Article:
I have a beautiful bit that my gelding LOVES, made by Jacob Bowman at Bowman Leather in Ohio. He and his father made my leather harness, and his uncle made most of my synthetic harness.

Nancy
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post #5 of 29 Old 05-31-2013, 08:26 PM
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Granted, we don't show or anything, but my family has been driving teams for farming for generations. We've always just used loose-ring snaffles on everything. I was raised to believe that it's the training that matters, not the bit. Heck, we had a team of mules that worked 100% off voice commands, even in strange/scary situations like parades and shows.

Of course, you must take into account the individual horse's preferences and needs, but I don't see the need to bit up beyond a snaffle type (1:1 pressure ratio).

Always remember that feeling of looking at a big, open country over the ears of a good horse, seeing a new trail unwind ahead of you, and that ever-spectacular view from the top of the ridge!!! Follow my training blog: http://robertsontraining.blogspot.com/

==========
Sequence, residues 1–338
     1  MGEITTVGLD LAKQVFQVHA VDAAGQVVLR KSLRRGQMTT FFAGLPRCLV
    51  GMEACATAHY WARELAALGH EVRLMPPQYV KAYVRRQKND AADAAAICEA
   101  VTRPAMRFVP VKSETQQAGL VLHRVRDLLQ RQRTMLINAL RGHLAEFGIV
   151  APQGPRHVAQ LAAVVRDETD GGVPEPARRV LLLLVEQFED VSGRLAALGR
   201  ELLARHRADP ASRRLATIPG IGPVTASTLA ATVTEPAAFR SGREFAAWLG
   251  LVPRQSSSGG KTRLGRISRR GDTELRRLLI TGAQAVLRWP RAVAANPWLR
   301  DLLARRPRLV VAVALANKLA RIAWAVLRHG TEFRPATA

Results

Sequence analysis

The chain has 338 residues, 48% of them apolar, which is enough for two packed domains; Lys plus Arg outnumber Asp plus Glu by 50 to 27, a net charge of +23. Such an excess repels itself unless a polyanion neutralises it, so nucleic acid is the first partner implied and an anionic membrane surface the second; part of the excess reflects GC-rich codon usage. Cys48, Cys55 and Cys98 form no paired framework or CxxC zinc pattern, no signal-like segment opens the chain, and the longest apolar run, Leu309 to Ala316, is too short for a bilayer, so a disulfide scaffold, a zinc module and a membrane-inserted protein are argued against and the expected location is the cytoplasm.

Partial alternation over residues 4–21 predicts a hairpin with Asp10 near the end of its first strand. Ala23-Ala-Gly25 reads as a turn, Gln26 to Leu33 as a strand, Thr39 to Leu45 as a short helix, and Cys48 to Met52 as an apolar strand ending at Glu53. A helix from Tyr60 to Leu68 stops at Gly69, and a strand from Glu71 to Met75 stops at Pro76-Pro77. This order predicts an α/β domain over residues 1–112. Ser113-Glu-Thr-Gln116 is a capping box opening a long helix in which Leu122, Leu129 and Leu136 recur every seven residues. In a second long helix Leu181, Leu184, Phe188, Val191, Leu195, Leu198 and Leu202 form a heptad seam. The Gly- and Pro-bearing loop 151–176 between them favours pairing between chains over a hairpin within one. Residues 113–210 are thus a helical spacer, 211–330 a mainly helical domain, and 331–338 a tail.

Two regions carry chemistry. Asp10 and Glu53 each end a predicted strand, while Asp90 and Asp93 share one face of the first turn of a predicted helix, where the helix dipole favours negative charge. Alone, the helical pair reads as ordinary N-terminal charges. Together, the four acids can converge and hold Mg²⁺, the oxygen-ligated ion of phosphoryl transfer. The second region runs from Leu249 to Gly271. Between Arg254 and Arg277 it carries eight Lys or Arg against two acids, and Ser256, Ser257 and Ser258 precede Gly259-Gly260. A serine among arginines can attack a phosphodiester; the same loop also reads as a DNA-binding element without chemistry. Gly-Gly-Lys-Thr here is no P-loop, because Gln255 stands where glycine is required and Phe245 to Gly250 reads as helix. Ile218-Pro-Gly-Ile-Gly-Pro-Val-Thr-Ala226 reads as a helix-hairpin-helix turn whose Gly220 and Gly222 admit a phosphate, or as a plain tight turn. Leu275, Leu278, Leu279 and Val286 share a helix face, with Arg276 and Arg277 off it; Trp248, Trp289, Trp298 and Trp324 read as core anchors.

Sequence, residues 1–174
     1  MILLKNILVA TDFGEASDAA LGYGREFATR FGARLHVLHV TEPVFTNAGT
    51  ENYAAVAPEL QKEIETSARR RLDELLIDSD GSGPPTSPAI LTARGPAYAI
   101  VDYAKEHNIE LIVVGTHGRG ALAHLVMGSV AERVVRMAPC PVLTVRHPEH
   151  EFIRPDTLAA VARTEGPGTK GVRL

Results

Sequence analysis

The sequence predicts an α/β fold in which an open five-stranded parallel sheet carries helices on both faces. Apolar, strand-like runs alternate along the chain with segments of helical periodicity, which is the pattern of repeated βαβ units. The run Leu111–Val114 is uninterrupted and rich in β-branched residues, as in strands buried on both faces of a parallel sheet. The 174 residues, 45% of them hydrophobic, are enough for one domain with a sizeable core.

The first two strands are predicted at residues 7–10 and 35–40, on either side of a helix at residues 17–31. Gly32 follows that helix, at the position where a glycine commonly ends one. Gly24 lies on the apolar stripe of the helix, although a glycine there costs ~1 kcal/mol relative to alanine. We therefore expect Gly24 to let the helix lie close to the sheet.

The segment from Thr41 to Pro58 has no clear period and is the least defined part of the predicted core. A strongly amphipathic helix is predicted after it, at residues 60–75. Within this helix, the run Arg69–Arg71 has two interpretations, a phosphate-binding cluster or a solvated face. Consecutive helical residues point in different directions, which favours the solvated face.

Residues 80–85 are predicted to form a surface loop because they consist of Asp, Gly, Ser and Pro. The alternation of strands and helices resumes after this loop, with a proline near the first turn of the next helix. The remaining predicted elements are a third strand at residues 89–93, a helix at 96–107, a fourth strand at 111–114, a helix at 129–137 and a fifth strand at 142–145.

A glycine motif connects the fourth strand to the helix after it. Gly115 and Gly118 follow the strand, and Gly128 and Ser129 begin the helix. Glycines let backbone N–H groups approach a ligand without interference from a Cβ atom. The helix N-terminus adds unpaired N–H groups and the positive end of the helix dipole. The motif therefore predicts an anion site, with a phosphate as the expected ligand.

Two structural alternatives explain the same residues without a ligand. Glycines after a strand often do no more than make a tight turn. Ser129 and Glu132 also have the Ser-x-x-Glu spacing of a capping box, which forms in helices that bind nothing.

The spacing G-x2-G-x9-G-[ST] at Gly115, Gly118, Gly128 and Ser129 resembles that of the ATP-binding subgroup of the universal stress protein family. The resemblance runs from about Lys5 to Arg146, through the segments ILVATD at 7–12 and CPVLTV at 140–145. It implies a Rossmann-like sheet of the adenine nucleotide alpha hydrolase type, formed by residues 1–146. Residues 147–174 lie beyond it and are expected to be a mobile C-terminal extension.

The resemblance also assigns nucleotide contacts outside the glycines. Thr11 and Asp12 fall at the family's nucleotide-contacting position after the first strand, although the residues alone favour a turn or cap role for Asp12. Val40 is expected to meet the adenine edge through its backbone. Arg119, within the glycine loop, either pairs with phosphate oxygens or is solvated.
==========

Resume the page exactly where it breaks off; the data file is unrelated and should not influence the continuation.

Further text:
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post #6 of 29 Old 06-01-2013, 10:49 PM
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My OTTB who was with the Amish for years goes nicely in a snaffle half cheek driving bit while my OTTB trotter was a bad puller on the track and came to me with a left lip that has a scar and a left bar that has a dark spot (he was locked on that left line and rein when I first started riding) that made every bit in the barn uncomfortable for him. He now goes happily in a Pee Wee bit that we use for riding and driving. He has a wonderful singlefoot/rack that is smooth as silk and very ground covering (not speed racking just a nice saddle rack for trails) and trots all day under harness. He has stopped pulling and is finally comfortable/pain free.
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post #7 of 29 Old 06-02-2013, 08:29 AM
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Quote:
Originally Posted by smrobs View Post
Granted, we don't show or anything, but my family has been driving teams for farming for generations. We've always just used loose-ring snaffles on everything. I was raised to believe that it's the training that matters, not the bit. Heck, we had a team of mules that worked 100% off voice commands, even in strange/scary situations like parades and shows.